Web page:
Saturday’s NCAA tournament quarterfinal game against Denver in Annapolis should be a momentous occasion for the Loyola program. It will also be an unfamiliar setting.
The last time the Greyhounds had advanced to the quarterfinal round was 2001. That year, they edged Georgetown, 11-9, in the first round before losing to eventual national champion Princeton, 8-7, in the next round.
This season’s Loyola squad is 15-1 and the top seed in the tournament, but relatively inexperienced in the postseason. But junior long-stick midfielder Scott Ratliff maintained that the team’s 10-9 overtime loss to Johns Hopkins on April 28 before a sellout crowd of 6,000 at Ridley Athletic Complex in Baltimore has prepared the players for an expected large attendance at Navy-Marine Corps Memorial Stadium.
“That’s definitely something that we’ve talked about,” Ratliff said. “I think going back to the Hopkins game, that will be really good for us because that was our first time playing in front of a sold-out crowd in a crazy environment. So that game had more anticipation and more buildup than even this game. It was Homecoming against a huge rival. So that game felt like it had a lot of pressure, and I think early on, it showed. We made a lot of mistakes, and I think everybody had a lot of jitters. I think we got that out of the way, and we’ll be ready to go on Saturday.”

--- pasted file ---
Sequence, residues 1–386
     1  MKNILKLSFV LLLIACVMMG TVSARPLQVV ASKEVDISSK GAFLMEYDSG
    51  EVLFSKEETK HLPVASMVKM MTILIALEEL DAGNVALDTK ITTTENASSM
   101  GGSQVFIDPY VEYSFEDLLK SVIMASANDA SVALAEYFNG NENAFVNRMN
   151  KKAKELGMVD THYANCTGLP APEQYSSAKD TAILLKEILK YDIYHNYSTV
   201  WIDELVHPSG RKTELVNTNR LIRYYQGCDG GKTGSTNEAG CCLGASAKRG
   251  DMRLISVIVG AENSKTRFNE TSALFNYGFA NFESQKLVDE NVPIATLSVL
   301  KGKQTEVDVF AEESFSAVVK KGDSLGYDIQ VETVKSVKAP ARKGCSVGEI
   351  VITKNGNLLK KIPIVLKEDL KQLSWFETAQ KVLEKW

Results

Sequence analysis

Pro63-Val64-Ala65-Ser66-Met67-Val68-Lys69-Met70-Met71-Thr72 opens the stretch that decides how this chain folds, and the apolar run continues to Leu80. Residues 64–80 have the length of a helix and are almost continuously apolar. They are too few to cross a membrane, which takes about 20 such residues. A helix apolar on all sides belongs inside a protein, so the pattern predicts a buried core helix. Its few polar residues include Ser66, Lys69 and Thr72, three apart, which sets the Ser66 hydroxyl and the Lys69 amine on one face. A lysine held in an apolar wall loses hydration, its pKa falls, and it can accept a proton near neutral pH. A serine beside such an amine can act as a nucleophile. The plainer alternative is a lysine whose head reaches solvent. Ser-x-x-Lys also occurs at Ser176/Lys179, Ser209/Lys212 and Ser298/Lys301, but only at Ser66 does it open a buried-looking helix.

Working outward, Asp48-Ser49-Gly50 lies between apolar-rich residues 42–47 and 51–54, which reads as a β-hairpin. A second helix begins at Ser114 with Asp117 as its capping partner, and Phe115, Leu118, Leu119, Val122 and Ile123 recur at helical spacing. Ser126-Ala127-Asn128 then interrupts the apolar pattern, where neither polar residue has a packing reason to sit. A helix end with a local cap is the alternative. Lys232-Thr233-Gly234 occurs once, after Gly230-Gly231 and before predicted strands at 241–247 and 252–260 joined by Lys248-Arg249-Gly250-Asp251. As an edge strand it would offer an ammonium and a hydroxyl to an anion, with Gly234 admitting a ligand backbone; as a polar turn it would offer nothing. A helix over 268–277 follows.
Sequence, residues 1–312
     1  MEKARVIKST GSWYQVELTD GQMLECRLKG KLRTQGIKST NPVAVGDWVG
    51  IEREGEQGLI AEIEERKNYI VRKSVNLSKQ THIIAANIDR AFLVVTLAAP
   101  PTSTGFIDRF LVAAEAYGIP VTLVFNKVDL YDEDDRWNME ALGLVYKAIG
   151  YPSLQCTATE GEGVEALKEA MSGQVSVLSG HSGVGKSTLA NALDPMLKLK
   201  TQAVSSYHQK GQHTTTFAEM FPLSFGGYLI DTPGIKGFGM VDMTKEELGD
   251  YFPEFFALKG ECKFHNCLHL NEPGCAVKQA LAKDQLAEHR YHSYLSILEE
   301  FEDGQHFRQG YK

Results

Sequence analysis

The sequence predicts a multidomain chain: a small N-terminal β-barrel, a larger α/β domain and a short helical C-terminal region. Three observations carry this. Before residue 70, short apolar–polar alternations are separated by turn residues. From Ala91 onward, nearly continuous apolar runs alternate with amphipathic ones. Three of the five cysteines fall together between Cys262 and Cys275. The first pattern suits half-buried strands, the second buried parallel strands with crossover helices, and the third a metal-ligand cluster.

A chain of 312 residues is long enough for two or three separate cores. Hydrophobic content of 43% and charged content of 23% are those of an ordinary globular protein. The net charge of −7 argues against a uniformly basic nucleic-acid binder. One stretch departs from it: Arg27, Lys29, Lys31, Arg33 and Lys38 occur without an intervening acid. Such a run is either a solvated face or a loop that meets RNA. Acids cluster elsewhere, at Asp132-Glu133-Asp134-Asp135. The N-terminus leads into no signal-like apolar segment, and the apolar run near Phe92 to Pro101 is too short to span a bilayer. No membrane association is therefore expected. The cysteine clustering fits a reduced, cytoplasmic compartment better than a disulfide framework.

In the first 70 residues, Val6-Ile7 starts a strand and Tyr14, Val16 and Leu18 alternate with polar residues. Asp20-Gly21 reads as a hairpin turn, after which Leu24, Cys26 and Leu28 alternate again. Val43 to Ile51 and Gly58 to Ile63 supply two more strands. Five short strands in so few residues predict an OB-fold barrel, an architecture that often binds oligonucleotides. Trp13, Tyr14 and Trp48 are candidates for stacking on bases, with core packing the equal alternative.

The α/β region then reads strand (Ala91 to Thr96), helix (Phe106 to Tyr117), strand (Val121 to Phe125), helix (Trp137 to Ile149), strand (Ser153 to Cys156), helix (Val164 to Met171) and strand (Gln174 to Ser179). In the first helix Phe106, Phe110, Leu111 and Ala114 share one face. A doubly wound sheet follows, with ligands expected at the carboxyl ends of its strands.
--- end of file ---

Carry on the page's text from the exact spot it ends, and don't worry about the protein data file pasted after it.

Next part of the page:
Should the Greyhounds win Saturday, they will play in their first Final Four since 1998. That’s a tempting distraction, but coach Charley Toomey has praised his team’s ability to keep outside influences at bay.
“I think it would be hard not to have those concerns, but all year long, they’ve addressed those concerns themselves, and we’ve watched them play out of those situations,” Toomey said. “In my opinion, we came out of our locker room against Johns Hopkins with 6,000 people here and had some jitters. But we put ourselves in a position to win a game late, and so hopefully, we’ll learn from that. Obviously, we’re on a grand stage, and the guys are going to embrace the moment and hang onto the importance of each minute. The one rallying cry that these guys have been talking about is, ‘It’s 60 miles, and let’s go one mile at a time.’ When it’s halftime, it’s 30 miles. Let’s not look further than one mile ahead. That’s really key for us.”